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How to handle Pietersen

Give genius players like him the freedom and appreciation they desire and they'll win matches for you more often than not

Harsha Bhogle

August 16, 2013

Comments: 74 | Text size: A | A

All smiles: Kevin Pietersen relaxes after the tense finish, England v Australia, 1st Investec Test, Trent Bridge, 5th day, July 14, 2013
In person, Pietersen doesn't come across as the rebel he is portrayed to be by the media © Getty Images
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Players/Officials: Kevin Pietersen
Teams: England

It was just over 11 months ago that on an unusually pleasant morning in Colombo I found myself driving down to Mount Lavinia. Elsewhere, with the World Twenty20 on, hotel lobbies were abuzz, journalists with darting eyes were looking for something no one else might have noticed, autograph books were being whipped out faster than credit cards, and players were everywhere, but this hotel in Mount Lavinia was quiet. It lay in a secluded corner, and that, for one of its guests, was its most attractive feature.

Kevin Pietersen was all over the English media and, not for the first, or indeed the last, time, it had little to do with his extraordinary ability to play cricket. He had been left out of the side, the strongest adjectives were being dusted away to describe him, and there was a debate on whether he should play for England again. He was being asked to apologise, effectively to kneel down in a classroom, and get a promise of good conduct signed by his parents for the class teacher. It was unbelievable and I was a bit baffled because the Pietersen I had come across had seemed a bit different.

It threw up a fascinating dilemma. England needed the match-winner in him but England needed him to be a conformist. The two qualities haven't always co-existed within one person. Indeed it is worth studying whether match-winners actually become so because they dare to question the given.

In the world of business and management, which I like to watch from the sidelines, managing mavericks has always been a challenge. And it was thus that I asked Pietersen if he would talk to me on camera. I was quite keen to know how people like him liked to be handled. Given the circumstances I was quite prepared for him to say no. Instead, he said yes, gave me an appointment and was ready when I reached his hotel. He was extremely pleasant, and when I asked if he could replace his vest, which showed up his biceps and his tattoos, with something a little less dramatic, he popped back straightaway and emerged in a polo shirt.

The person who came through in the conversation, though, was scarcely a rebel. It was clear that he knew he was a better player than almost anybody else in the game, but it was also clear that he took great pride in playing for England and that he worked very hard at his game. It confirmed my view about these extraordinary performers - that when no one is watching, they are working their backsides off, that at the heart of what seems to be genius is a lot of toil. Certainly that was true of Warne and Akram, and is of Tendulkar.

It was clear he was uncomfortable in the existing set-up that sought to discipline him. How would he handle himself, or another like him, I asked. He wanted to be left alone from time to time, he said. He would, he said, train as hard as anyone else, work on his game and be prepared. Nobody would accuse him of shirking. But he wanted his space, he wanted the freedom to do things his way. It is not uncommon among super-achievers.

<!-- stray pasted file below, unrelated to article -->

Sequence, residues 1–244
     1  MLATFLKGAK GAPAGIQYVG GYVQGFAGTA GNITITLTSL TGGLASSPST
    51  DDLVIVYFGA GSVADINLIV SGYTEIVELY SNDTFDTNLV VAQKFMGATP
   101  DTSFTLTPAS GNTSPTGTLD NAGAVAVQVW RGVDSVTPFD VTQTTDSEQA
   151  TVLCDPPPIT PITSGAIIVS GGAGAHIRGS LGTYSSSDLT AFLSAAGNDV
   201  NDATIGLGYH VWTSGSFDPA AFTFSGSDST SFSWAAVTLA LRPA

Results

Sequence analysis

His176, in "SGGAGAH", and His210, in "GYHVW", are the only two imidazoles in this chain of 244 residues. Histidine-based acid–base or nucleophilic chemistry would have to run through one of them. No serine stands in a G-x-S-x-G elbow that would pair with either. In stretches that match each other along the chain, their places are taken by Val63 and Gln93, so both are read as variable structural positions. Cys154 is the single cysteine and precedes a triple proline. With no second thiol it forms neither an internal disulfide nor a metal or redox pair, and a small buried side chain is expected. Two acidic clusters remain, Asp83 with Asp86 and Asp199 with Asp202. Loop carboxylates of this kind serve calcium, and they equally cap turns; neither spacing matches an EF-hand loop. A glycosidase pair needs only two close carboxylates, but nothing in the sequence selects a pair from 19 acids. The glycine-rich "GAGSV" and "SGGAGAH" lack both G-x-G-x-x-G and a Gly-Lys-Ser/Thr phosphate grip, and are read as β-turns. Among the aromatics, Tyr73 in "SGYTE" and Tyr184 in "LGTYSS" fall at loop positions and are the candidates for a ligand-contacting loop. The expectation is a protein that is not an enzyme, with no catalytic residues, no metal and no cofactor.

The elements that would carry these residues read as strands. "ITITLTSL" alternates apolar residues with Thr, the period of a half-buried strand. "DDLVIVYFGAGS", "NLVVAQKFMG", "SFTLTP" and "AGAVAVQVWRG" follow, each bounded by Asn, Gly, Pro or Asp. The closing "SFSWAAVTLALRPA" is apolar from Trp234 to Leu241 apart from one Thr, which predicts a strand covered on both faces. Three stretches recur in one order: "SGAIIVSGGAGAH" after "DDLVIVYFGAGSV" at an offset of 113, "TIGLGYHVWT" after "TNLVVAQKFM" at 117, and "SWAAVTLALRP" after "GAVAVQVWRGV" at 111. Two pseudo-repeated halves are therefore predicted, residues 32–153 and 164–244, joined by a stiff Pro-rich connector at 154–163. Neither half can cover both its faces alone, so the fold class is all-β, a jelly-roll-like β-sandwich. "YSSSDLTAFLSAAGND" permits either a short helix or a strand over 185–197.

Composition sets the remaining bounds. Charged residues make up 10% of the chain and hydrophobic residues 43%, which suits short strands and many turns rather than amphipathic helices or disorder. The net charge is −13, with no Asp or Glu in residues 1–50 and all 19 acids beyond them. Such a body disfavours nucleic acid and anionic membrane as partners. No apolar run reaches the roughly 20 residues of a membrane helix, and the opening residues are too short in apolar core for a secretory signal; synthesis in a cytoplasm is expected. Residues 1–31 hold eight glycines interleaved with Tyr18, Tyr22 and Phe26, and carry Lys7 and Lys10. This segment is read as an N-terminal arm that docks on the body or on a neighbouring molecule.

Cricket needs Pietersen as it needed Warne, and it needs leaders to understand their genius. Without their spice it will be a vanilla game
 

These are people who know their game inside out, read situations differently, and find ways to deal with them that may not always be apparent to everybody. Almost certainly their solutions will be unique to their talents, difficult for someone else to replicate. These are nature's freaks and that is why they are breathtaking to watch. And that is why they cannot be trapped by a system. They need to be handled differently; you cannot crack the whip and get them to sit on a stool as once-proud animals might in a circus. Having had the great joy of spending some time with Shane Warne, I could see why he and Pietersen understood each other so well.

It doesn't mean they are always right. A month later Pietersen was in Ahmedabad playing the two most bizarre innings you can imagine. Against Pragyan Ojha on a mild turner, he looked lost, his feet were out of tune with his bat, and it was a very strange spectacle. He didn't look like he was born to captivate people with his bat. Which is, of course, exactly what he did a week later on a far more difficult pitch in Mumbai. That innings of 186 will never be forgotten by those who had the privilege to watch it.

When asked what he did different in the course of a breathtakingly aggressive innings, he offered a thoughtful answer. "I backed my defence," he said. But he didn't get consumed by it. Once his defence had taken him past a vulnerable phase, he unfurled his shots again. It was the turning point of the series. England won it but they also learnt how to live with Pietersen.

The best managers will tell you that the most effective way to handle such gifted mavericks is to befriend them and offer them challenges. Like everyone else they are in need of comfort, they want to be liked, their ego requires their achievement to be acknowledged. In effect they are asking for an inch, and if you grant them that, they are ready to deliver a mile. Seek to bottle them and they will turn headstrong.

You can see why Pietersen likes the IPL. He is left alone, he is paid well, the ego is gently stroked, but the franchise gets more out of him than most people think. For the Delhi Daredevils, Pietersen is value for money, not a luxury purchase.

In the Ashes he has looked happier, and his century* has contributed greatly to a series win. I don't know if it is an uneasy truce or there has been a warm embrace. His masterclass with Sky Sports reaffirmed what a thoughtful and hard-working cricketer he is. Cricket needs Pietersen as it needed Warne, and it needs leaders to understand their genius. Without their spice it will be a vanilla game.